When you’re starting an exercise routine, it’s important to ease into things, which helps reduce your injury risk and increase the effectiveness of your sessions. A total-body beginner workout can be an awesome option to get you going, and we have a solid example below that you can try at home.

This workout—which ACSM-certified personal trainer Asher Freeman created for SELF—centers on six foundational movement patterns: plank, hinge, rotation, push, pull, and squat.

In time, “you can make each movement pattern very intense, you can make it very technical, and you can add a lot of equipment,” Freeman, creator of the Nonnormative Body Club in Philadelphia, tells SELF.

But before any of that happens? “It’s really important that you feel comfortable with each movement pattern in pretty simple exercises,” says Freeman. That way, you can learn proper form, build muscle memory and muscle strength, and lay a strong foundation to progress on in the future.

This workout delivers all that in the form of six beginner-friendly variations of the major movement patterns.

Take, for instance, the second exercise featured in this workout: the glute bridge. A simple version of the hinge movement pattern, the glute bridge is a low-risk way to learn how to hinge from your hips—a skill that applies when you’re doing more advanced moves, like deadlifts. If your goal is to, say, deadlift a super-heavy barbell, “you might want to start with a glute bridge because that’s the same movement that you’re doing,” explains Freeman. The glute bridge helps you learn the hinge movement using just your bodyweight, and the floor provides feedback on the positioning of your back that can help you maintain a neutral (versus curved) spine once you progress to a deadlift.

“That way, when you’re ready to come to a deadlift, you have that movement pattern and you have the muscle memory of that movement pattern” they say.

Now, you may notice this workout includes ample rest. That’s intentional because the focus here is on building muscle memory and muscle, says Freeman. “I want to make sure that people are able to catch their breath and it doesn’t become a cardio workout.” Plus, you want to be able to complete the same number or reps, or perform work for the same amount of time, in your second set as your first—important for gaining strength—which would be tricky if you didn’t allow your muscles the time to rest before diving back in.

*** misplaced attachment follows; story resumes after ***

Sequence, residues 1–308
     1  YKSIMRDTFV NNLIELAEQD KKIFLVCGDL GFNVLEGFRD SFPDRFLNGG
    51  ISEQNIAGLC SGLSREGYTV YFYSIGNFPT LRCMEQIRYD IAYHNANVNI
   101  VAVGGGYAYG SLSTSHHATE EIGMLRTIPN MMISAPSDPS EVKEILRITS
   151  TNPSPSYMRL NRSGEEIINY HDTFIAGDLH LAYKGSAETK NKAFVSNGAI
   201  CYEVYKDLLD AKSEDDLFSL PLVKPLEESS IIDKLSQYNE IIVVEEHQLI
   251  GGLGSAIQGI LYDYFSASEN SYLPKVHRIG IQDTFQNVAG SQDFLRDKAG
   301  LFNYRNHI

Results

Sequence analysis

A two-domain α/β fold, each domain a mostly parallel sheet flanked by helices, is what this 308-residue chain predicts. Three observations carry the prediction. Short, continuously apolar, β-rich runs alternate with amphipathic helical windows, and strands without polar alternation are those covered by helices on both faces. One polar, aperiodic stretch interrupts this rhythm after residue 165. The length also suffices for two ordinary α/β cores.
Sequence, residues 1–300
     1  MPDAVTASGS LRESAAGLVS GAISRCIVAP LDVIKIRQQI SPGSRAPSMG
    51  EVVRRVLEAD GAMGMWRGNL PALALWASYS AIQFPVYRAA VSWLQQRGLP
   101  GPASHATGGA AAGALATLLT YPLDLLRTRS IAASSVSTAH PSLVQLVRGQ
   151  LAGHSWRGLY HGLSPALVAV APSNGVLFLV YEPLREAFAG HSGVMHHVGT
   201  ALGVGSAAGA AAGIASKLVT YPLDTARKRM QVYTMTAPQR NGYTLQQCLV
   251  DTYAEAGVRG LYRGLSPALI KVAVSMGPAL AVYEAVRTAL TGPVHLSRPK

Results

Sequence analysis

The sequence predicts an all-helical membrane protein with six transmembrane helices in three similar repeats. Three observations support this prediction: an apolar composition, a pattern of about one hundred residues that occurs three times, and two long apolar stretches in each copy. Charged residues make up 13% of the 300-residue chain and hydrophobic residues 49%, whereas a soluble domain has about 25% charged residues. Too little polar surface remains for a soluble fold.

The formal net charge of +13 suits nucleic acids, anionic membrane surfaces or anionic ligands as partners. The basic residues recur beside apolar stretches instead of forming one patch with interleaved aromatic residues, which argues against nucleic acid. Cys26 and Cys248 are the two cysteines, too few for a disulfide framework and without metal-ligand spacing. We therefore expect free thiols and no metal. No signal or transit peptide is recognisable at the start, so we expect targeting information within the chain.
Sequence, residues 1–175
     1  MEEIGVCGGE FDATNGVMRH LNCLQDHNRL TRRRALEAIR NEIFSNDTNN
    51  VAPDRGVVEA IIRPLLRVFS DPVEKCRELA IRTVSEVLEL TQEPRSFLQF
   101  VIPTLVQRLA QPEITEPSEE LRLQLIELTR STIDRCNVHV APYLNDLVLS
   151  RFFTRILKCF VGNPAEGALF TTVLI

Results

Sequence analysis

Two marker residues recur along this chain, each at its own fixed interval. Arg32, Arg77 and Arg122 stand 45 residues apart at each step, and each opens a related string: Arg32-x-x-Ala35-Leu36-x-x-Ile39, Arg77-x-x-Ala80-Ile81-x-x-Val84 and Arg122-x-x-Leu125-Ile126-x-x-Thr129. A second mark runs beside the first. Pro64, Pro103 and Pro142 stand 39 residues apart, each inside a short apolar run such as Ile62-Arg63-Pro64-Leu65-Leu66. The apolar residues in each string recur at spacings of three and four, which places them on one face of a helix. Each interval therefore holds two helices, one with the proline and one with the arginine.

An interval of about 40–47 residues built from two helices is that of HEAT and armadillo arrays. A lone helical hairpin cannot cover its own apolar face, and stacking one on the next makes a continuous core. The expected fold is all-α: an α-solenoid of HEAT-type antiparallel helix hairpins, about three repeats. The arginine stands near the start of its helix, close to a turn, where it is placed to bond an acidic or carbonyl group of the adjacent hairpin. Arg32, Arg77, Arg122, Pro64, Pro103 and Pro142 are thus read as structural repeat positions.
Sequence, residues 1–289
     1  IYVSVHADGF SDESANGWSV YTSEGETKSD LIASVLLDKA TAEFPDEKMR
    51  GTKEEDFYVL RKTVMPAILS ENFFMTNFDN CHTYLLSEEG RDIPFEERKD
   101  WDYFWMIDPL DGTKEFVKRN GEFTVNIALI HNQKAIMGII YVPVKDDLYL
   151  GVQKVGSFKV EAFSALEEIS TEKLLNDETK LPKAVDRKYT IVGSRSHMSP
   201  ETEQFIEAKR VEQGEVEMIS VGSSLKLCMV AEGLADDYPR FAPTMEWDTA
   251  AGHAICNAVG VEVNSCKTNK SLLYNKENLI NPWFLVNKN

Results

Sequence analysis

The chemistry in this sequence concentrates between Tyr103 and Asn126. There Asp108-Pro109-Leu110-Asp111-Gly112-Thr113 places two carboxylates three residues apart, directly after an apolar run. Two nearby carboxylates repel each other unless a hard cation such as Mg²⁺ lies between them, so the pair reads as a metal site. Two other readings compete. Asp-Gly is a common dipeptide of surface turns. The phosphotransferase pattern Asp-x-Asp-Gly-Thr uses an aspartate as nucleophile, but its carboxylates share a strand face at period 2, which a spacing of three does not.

You can do this routine as often as every other day, says Freeman. Before you get started, though, do a proper warm-up to get your blood flowing and ensure you don’t begin the workout with super-tight muscles, says Freeman. Here’s a quick yet effective five-move warm-up to consider.

With that, let’s get right into this 12-minute, total-body beginner workout!

The Workout

What you need: A resistance band for the single-arm anchor point row (and a sturdy anchor point to attach it to, such as a door). You’ll want a band that allows you to do at least 10 reps without getting overly fatigued or making compensations in your form. However, if you can do more than 15 reps with your band, opt for one with more resistance, says Freeman.

You’ll also need a step or box for the elevated push-up, a wall for the wall-sit, and you may want to use a yoga mat for comfort for the other moves.


  • Dead bug
  • Glute bridge
  • Quadruped thoracic rotation
  • Elevated push-up
  • Wall sit
  • Single-arm anchor point row


  • Complete each exercise for the prescribed number of reps or designated time. Rest 30 seconds, then repeat the same exercise again for another set. Complete two sets total.
  • After finishing with each exercise, rest as needed and move onto the next exercise in the sequence.

Demoing the moves below are Gail Barranda Rivas (GIFs 1, 2, and 4), a certified group fitness instructor, functional strength coach, Pilates and yoga instructor, and domestic and international fitness presenter; Caitlyn Seitz (GIF 4), a New York–based group fitness instructor and singer-songwriter; Nikki Pebbles (GIF 5), a special populations personal trainer in New York City who also holds a master’s degree in psychology specializing in body image and leadership; and 

Nicole Figueroa, a NASM-certified personal trainer and online fitness coach.